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The Supreme Court has upheld the seven years rigorous imprisonment awarded to a man for spying for Pakistan intelligence agency and supplying secret information to it about the Indian military establishment.

The court also held that even if police conduct search of a premises in an illegal manner, it would not affect the legality of the search and dismissed the plea of Safi Mohammad who had contended that material seized from his house should not be taken into consideration as it was done illegally and without warrant.

 Mohammad was arrested in March 1990 in Jodhpur and documents of strategic importance were recovered from him after police searched his house.

“Even if the search is made by the investigating officer in illegal manner, the same does not affect the legality of the search and investigation made by the investigating officer with regard to the seizure of the documents from the house of the appellant in view of the law laid down by this court,” a bench of justices C K Prasad and V Gopala Gowda said.

Mohammad was named in a charge sheet and convicted by the trial court under various provisions of Official Secrets Act. The lower court sentenced him to undergo seven years of rigorous imprisonment.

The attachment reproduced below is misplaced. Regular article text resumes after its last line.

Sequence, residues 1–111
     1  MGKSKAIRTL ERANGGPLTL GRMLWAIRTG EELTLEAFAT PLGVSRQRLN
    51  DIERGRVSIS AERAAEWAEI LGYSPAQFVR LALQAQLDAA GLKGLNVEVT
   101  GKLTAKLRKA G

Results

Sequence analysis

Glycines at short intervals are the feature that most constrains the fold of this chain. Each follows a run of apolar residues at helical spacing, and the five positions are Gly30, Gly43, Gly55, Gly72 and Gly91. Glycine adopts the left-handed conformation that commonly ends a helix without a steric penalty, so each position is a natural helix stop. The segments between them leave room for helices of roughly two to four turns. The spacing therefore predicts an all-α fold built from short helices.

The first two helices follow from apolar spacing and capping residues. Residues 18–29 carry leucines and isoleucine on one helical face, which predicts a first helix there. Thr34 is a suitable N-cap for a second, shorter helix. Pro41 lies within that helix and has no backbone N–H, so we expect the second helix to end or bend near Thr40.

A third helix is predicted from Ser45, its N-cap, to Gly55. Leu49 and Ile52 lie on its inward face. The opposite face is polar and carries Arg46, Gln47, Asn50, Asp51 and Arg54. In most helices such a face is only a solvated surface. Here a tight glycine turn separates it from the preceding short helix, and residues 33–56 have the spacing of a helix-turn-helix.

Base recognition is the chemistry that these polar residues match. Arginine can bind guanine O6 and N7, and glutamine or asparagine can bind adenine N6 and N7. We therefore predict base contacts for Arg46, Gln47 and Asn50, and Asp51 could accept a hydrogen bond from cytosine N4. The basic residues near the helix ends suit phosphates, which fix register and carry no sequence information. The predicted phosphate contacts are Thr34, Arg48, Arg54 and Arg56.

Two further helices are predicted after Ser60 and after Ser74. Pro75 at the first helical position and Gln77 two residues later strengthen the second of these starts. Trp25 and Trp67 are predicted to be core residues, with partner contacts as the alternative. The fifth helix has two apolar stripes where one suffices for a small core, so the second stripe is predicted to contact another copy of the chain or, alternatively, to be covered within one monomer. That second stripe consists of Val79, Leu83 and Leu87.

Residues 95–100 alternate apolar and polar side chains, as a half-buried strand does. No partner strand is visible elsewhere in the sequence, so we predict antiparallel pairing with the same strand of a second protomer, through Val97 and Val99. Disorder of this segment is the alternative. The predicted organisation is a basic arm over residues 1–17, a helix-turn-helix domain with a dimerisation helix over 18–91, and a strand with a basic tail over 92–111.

Safi then moved the Rajasthan High Court which dismissed his plea. After that he filed an appeal in the Supreme Court.

The apex court after hearing his contentions said that his appeal is devoid of merit and dismissed it.

“… having regard to the nature of charges made against the appellant under Sections 3 (penalties for spying), and 4 (communication with foreign agents) of the act as he is found to be guilty along with other accused persons and rightly convicted and sentenced them for seven years rigorous imprisonment. The appeal is devoid of merit and is liable to be dismissed and is accordingly dismissed,” the bench said.

“From the evidence produced by the prosecution in the case in hand, it is clear that the documents of strategic importance to the nation have been recovered from the possession of the appellant and other accused and they have failed to give satisfactory explanation about the documents being in their possession,” it said.

The apex court also refused to accept Safi’s plea that the court should not rely on the seized documents as police had searched his house in violation of law.

“The investigation does not become defective as contended by him for reason that the search warrant was not obtained. The recovery of documents and articles from the his house could not be rejected,” the bench said.


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